As fall arrives, you may face difficulty providing feed to your livestock. Hay prices rise and your pastures may not provide enough grass for your animals to forage on. Regardless of what kind of livestock you are trying to raise on your farm, microgreen fodder will provide a high-quality feed for your animals.
Sprouting and growing feed for your livestock
Your animals grow the healthiest when they are raised on natural organic feed. By producing your own hydroponically grown fodder with the Microgreen Fodder System, you will be able to grow succulent microgreen grasses that are highly digestible and a natural feed for your ruminants.
Growing your own grass from seeds is pretty simple. Below you will find step by step instructions on how to grow your own microgreen fodder.
Growing grasses from seeds
Growing grasses from seeds is similar to sprouting seeds for crops that us humans consume. However, you can sprout grains and grow grasses using just water and trays. Your grasses will be ready for harvest in about 7-10 days.
What seeds to use?
The fodder seeds sprout as a whole. You can choose a wide variety of seeds. Commonly used grains for fodder are wheat, whole oats and barley. These whole grains, especially barley, are relatively easier to grow, and have a high crude protein, fiber and carbohydrate value.
Daily requirements for animal feed
Before you start, you need to figure out how much fodder your animals will need on a daily basis. Do your research on animal feed rationing or ask your vet if necessary. For example, based on our experience, the ideal daily requirements of animals should be as follows:
- Horse: 2-3 percent of their body weight in fodder; 1.5% body weight in dry hay
- Beef Cow: 2-3 percent of their body weight in fodder; barley straw ration
- Dairy Cow: 3-5 percent of their body weight in fodder; barley straw ration
Setting up your own fodder system
When setting up your own fodder system, you have several options available. For smaller operations, you can use microgreen fodder system, which is ideal for small farms or homesteading.
Fodder systems are suitable for producing microgreens for large farms on a larger scale too. We’ll show you how to build a fodder system of your own.
Below are a few things you need to consider
- Temperature: The temperature of your fodder system needs to stay between 63 and 75 degree F.
- Light: Your fodder will grow in ambient light. Grow lights or direct sunlight will work well and benefit your fodder growth; although, direct sunlight is not required.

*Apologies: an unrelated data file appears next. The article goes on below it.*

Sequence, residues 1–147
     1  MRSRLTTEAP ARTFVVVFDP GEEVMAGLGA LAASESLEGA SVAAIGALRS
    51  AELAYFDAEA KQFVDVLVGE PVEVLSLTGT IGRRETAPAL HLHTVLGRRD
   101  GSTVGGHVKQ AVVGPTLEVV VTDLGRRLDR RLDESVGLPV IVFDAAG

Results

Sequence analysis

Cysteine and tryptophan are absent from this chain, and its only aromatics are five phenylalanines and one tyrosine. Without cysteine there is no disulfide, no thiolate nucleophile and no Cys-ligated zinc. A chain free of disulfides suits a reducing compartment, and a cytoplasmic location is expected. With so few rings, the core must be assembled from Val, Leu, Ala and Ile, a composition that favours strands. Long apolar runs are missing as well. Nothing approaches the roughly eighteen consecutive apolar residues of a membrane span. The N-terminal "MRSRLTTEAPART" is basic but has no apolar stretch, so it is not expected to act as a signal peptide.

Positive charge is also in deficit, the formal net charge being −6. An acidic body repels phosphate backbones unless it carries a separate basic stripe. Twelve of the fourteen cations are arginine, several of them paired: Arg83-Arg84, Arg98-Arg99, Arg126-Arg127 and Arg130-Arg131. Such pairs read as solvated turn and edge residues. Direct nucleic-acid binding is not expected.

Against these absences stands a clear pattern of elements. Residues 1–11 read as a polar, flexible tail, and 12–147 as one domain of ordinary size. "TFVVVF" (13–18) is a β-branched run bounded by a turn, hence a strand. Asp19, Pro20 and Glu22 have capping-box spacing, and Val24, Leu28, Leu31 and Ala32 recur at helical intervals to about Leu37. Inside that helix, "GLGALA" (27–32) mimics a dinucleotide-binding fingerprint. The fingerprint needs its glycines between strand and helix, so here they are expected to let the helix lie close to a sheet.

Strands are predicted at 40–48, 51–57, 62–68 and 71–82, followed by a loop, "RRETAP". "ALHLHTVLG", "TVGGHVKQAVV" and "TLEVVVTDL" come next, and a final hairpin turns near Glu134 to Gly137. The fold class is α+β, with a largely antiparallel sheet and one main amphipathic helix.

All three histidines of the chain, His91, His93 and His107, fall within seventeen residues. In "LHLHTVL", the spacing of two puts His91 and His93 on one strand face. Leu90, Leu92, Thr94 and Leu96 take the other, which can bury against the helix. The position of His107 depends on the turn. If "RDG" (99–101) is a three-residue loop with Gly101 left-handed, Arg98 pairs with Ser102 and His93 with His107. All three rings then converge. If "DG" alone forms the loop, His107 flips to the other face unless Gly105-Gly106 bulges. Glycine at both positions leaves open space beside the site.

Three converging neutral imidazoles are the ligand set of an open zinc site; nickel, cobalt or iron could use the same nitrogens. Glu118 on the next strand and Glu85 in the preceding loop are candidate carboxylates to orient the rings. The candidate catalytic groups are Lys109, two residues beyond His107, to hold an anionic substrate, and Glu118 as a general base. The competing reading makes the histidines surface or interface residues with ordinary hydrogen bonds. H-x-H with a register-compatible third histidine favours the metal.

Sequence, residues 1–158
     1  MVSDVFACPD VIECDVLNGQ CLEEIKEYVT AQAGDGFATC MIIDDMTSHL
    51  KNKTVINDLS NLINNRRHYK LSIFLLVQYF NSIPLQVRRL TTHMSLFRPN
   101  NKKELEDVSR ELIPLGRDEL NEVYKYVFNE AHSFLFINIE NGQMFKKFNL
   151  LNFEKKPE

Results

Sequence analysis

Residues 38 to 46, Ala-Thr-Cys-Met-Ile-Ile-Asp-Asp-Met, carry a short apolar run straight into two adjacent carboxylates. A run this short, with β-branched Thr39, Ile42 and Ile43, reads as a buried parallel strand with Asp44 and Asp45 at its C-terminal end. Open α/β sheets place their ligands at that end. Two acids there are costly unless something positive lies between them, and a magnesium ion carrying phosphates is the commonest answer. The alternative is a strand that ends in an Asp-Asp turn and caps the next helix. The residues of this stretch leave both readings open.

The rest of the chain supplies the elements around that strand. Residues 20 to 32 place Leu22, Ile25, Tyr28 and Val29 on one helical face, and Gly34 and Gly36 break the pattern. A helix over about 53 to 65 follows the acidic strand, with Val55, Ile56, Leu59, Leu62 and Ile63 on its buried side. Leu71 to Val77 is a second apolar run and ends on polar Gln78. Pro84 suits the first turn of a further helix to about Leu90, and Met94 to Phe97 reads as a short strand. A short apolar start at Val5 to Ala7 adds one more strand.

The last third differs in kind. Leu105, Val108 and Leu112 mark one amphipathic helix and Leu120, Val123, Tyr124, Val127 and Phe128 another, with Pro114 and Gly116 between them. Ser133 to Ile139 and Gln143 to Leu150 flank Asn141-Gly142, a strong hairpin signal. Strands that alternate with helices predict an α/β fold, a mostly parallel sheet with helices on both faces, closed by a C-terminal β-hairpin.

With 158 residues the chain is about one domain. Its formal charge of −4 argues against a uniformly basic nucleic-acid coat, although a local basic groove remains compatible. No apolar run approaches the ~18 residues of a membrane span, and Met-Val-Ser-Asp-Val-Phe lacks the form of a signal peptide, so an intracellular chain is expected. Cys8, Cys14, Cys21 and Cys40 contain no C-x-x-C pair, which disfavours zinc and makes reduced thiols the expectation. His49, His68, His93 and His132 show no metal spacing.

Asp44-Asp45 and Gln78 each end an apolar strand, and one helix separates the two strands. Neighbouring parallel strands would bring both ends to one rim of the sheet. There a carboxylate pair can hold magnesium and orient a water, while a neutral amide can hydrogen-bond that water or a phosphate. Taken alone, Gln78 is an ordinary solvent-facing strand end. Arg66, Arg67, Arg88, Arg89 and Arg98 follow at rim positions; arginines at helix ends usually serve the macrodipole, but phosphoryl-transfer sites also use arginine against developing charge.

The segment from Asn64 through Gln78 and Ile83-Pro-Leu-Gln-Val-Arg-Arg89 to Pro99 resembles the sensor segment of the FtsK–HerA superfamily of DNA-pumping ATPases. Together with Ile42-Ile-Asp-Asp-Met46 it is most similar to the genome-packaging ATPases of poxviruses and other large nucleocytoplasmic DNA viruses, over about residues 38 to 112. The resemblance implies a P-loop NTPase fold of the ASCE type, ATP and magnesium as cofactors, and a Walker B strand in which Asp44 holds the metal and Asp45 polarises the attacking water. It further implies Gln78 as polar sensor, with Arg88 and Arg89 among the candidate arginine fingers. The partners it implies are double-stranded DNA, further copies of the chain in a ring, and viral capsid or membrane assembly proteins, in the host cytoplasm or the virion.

- Good air circulation: good air circulation is necessary for growing healthy plants.
- Water supply: You can use a small fountain or pour water with a bucket
- Humidity: Humidity should be kept constant. If you are using indoor facilities, try to keep humidity at a constant level. Excess heat and humidity may have negative effects on fodder growth.
You can buy any type or size of trays, that are 2 inches deep, to dump seeds in. Drill small holes in the bottom to rinse water. Simple metal storage rack would work fine to place your fodder trays in. Place a plastic water container under your rack to catch water dripping through the pores when watering. Arrange trays in such a way that all bottom trays can catch water from each tray above. You may also drill holes on the sides of your trays for drainage.
- Step: 1 Soak seeds: Get whole grains and soak them in cool water for 24 hours in a bucket.
- Step 2: Dump seeds: Drain water and place seeds on trays. Make sure the seed layer is about half inch deep.
- Step 3: Water each tray: Water each tray 2-3 times daily. This will allow seeds to sprout.
- Step 4: Harvest: After 7-9 days your seeds should sprout and grow to about 6 inches – an ideal harvest size. Harvest and feed your animals with succulent fodder grasses.
With this simple system you are able to ensure high quality feed for your animals all year round. It could be fed as a daily supplement or main diet to your animals depending on their requirements.
To learn more about DIY fodder system or to obtain Feed in a Box please leave your questions or comments in the comment box below or visit our Facebook Page and leave your comment there. You can also call us at (303) or Click Here to Book a Meeting.
Source: Sustainable Livestock Nutrition
Related articles and resources:
- Feed in a Box
- Homestead for Christmas – Raising & Caring for Livestock | Sustainable Livestock Nutrition
- Fodder For Livestock – Make Your Own DIY Sprouted Fodder System | Sustainable Livestock Nutrition
- Organic Livestock Nutrition – Feeding, Health & Nutrition of Organic Farms | Sustainable Livestock Nutrition